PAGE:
motorists depending on what road they travel on and at what
times, to cut spiraling congestion. This technology, coupled
with an improved mobile phone and bluetooth network, can be
used to track and recover stolen vehicles. When the vehicle
is found to be stolen, a call can be made which shuts down
the engine of the car. At the same time, a call is sent out
that alerts available nearby police. By using the GPS installed
in both the stolen car and the police car, officers can track
the car even if they cannot see it.
The police will also have much more insight into a vehicle's
record when out on patrol. Using bluetooth technology, a police
car can tail a vehicle and receive information on the owner,
the current driver and their driving history, and can even
find out recent top speed and acceleration figures. Of course,
who really wants that? You think you've just had a fun little
blast on your favorite bit of road, you get pulled over five
miles later, and the officer gives you a speeding ticket for
something he didn't see. But if this technology is mandatory
then what choice do you have?
Access to future automobiles may be very different to the
keys of today. Push-button code entry and keycard systems,
where the key doesn't even leave your pocket, could become
commonplace. You hear the term "keyless entry" but
it still uses a remote control attached to a key which is
then used to start the car. Biometrics, which are available
on some computer systems and use fingerprinting as a password,
could be an effective alternative to the key. You could even
program it for members of your family, deciding between access
only for the children or access and drive functions for those
with licenses. However, I believe it will be some time before
this is the only means of vehicle entry or start up. What
if you are lending your car to a friend and you cannot be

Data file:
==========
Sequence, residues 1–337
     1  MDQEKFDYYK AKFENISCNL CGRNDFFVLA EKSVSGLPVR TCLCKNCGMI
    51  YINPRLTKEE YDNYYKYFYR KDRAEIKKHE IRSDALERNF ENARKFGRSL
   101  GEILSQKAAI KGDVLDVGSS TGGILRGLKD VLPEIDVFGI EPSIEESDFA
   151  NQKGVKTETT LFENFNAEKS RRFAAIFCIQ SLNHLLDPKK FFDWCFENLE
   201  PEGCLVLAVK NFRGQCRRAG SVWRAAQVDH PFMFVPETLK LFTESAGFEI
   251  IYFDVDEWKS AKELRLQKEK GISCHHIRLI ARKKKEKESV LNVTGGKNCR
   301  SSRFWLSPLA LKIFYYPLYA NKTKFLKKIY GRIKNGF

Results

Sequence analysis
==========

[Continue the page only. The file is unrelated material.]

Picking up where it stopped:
present to allow start up?
Multimedia systems will continue to develop in cars until
the point where the "are we there yet?" phrase develops
into "can we stay here?". Manufacturers are continuing
to stuff more and more video screens into increasingly ingenious
places, providing a rolling cinematic Dolby 5.0 surround-sound
experience. DVDs are going to go the way of the VCR with hard
disk recording of video being the dominant power, much as
MP3s are killing off CDs.
This MP4 technology will save space in the car and allow for
far more footage to be kept on board. Improvements in wireless
Internet connections could mean that the larger roads can
support Internet capable vehicles and constantly inform the
driver with up to date relevant road information. A screen
in the dash could display live images to show traffic reports
and also predict traffic jams by using the GPS systems in
all vehicles to show areas where vehicles have been stopped
or are congested, and then supply alternate routes.
The sound systems of cars will also improve and become more
personalised for the various passengers, with headphone sockets
and multiple sound outlets. There might be four different
radio stations that can be played at once through the different
jacks, and a variety of MP3s that can be played at once.